Preamble

The States Parties to this Convention,

Prompted by the desire to settle, in a spirit of mutual understanding and co-operation, all issues relating to the law of the sea and aware of the historic significance of this Convention as an important contribution to the maintenance of peace, justice and progress for all peoples of the world,

Noting that developments since the United Nations Conferences on the Law of the Sea held at Geneva in 1958 and 1960 have accentuated the need for a new and generally acceptable Convention on the law of the sea,

Conscious that the problems of ocean space are closely interrelated and need to be considered as a whole,

Recognizing the desirability of establishing through this Convention, with due regard for the sovereignty of all States, a legal order for the seas and oceans which will facilitate international communication, and will promote the peaceful uses of the seas and oceans, the equitable and efficient utilization of their resources, the conservation of their living resources, and the study, protection and preservation of the marine environment,

Bearing in mind that the achievement of these goals will contribute to the realization of a just and equitable international economic order which takes into account the interests and needs of mankind as a whole and, in particular, the special interests and needs of developing countries, whether coastal or land-locked,

Desiring by this Convention to develop the principles embodied in resolution 2749 (XXV) of 17 December 1970 in which the General Assembly of the United Nations solemnly declared inter alia that the area of the seabed and ocean floor and the subsoil thereof, beyond the limits of national jurisdiction, as well as its resources, are the common heritage of mankind, the exploration and exploitation of which shall be carried out for the benefit of mankind as a whole, irrespective of the geographical location of States,

Believing that the codification and progressive development of the law of the sea achieved in this Convention will contribute to the strengthening of peace, security, co-operation and friendly relations among all nations in conformity with the principles of justice and equal rights and will promote the economic and social advancement of all peoples of the world, in accordance with the Purposes and Principles of the United Nations as set forth in the Charter,

Affirming that matters not regulated by this Convention continue to be governed by the rules and principles of general international law,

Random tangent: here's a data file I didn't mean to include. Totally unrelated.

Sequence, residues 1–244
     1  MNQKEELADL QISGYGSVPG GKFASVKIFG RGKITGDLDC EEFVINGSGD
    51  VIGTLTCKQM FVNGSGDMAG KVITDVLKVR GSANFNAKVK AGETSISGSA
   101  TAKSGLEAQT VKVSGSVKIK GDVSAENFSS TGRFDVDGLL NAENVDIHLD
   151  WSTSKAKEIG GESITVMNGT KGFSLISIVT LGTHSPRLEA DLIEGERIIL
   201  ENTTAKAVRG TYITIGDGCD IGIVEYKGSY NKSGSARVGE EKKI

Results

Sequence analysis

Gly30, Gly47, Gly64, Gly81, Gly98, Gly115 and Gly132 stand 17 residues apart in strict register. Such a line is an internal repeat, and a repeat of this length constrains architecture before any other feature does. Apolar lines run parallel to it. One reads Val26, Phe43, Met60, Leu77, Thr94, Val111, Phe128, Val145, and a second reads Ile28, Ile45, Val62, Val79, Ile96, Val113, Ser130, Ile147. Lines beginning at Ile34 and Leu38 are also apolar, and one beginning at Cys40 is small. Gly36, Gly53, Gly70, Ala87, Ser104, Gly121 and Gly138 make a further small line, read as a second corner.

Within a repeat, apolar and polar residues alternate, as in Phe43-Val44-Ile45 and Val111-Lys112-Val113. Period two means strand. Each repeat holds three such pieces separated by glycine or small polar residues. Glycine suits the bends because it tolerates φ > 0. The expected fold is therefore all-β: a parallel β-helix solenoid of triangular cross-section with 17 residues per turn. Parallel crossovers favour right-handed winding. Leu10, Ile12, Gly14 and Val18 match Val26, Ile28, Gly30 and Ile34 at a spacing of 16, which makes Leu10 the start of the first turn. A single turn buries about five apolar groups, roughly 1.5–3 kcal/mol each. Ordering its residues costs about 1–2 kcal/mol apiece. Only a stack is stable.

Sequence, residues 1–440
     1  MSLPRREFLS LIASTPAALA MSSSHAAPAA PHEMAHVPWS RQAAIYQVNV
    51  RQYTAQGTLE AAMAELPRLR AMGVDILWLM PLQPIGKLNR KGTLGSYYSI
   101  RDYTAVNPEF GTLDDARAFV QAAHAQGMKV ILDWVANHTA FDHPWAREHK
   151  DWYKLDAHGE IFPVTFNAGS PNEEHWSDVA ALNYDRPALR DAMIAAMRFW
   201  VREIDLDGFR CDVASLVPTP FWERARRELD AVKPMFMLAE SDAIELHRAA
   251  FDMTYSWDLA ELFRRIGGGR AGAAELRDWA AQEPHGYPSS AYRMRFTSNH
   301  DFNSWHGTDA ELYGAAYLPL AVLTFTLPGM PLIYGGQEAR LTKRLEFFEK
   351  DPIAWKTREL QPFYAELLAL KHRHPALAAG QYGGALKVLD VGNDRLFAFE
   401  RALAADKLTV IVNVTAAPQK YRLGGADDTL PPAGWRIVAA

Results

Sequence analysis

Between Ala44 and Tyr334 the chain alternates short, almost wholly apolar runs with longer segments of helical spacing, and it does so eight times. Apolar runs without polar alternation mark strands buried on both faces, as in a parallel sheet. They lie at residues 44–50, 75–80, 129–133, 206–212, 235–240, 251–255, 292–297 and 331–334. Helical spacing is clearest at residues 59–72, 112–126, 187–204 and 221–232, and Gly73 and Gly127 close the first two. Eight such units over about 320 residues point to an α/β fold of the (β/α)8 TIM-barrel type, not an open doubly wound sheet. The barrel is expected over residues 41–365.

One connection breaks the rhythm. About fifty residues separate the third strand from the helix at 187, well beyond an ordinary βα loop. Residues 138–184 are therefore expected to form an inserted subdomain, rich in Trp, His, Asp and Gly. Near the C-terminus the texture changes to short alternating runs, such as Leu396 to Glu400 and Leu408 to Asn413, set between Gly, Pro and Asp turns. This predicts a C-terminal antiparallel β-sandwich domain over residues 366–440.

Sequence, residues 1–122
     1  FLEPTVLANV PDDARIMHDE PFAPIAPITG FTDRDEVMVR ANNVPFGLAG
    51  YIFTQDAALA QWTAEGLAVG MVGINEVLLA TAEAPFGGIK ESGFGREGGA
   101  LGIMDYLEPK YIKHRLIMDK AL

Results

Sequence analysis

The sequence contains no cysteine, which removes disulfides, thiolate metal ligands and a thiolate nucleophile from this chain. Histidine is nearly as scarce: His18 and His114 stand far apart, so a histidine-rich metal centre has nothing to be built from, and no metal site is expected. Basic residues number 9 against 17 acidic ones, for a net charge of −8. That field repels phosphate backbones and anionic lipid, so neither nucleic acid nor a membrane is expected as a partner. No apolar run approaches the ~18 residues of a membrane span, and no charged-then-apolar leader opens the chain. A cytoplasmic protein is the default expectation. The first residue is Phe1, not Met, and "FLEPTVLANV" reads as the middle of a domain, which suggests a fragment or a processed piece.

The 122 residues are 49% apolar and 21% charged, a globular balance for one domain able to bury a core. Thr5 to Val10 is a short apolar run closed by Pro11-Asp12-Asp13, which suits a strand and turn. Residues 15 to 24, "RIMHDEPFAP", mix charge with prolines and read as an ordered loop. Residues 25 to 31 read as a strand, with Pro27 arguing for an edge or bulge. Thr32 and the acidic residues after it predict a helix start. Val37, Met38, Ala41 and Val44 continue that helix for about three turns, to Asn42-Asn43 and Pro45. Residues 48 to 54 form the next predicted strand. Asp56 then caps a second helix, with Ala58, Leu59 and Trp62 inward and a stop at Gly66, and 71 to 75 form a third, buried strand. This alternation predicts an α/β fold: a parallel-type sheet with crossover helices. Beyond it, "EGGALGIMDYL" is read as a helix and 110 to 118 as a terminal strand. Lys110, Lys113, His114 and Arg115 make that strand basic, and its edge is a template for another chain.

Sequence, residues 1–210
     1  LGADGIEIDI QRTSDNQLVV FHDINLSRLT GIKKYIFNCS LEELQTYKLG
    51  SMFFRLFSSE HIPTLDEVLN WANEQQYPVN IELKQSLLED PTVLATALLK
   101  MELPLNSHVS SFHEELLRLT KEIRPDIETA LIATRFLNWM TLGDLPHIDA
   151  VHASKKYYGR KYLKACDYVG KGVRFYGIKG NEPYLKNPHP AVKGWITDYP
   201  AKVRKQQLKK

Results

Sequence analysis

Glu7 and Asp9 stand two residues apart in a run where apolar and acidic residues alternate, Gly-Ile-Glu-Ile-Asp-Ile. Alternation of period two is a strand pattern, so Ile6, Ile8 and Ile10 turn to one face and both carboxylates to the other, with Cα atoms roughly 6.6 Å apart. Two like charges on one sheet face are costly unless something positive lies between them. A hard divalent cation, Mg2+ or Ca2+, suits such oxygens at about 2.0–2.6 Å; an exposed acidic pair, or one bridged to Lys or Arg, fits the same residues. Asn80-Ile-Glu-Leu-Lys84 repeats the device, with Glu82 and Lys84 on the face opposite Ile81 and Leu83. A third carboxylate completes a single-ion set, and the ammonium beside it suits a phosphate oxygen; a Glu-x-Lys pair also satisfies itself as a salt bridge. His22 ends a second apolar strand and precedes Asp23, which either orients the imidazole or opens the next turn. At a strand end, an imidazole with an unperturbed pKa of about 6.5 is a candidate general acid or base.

Have agreed as follows:

FIGURE 12.2 National and international zones in the ocean, subsoil, and overlying airspace under the 1982 United Nations Convention on the Law of the Sea, which came into force in 1994. The Antarctic Treaty (Article VI) refers to the rights ''of any State under international law with regard to the high seas.'' From the United States Department of State (1995).

FIGURE 12.2 National and international zones in the ocean, subsoil, and overlying airspace under the 1982 United Nations Convention on the Law of the Sea, which came into force in 1994. The Antarctic Treaty (Article VI) refers to the rights ''of any State under international law with regard to the high seas.'' From the United States Department of State (1995).

as a whole'' beyond economic, political, technological, cultural or geographic differences among nations.

Among the three ''common spaces'' regimes that have been implemented through the United Nations, the 1959 Antarctic Treaty has the longest history of continuously elaborating common interests and cooperative strategies among nations (Antarctic Treaty Searchable Database: 1959-1999 CD-ROM). Moreover, during the past five decades, the Antarctic Treaty System has become uniquely integrated with other international regimes, including conventions on law of the sea, marine pollution, ozone depletion, transboundary wastes, whaling, and other global change processes associated with the sustainable development of humankind (Table 12.1). These international innovations in managing Antarctica for the ''progress of all mankind'' shine as a bright light in our emerging global society.

''peaceful purposes only''

Just as the first half of the 20th century can be characterized by international antagonism associated with World War I (1914-1918) and then World War II (1939-1945), the second half can be characterized by the expansion of international cooperation (Table 12.1, Fig. 12.1). In perspective, global or regional altercations among nations make Antarctica even more special as the only continent on Earth ever to be used for ''peaceful purposes only.''

This halo of peace was catalyzed by the International Geophysical Year in box 12.2 1967 treaty on principles governing the activities of states in the exploration and use of outer space, including the moon and other celestial bodies

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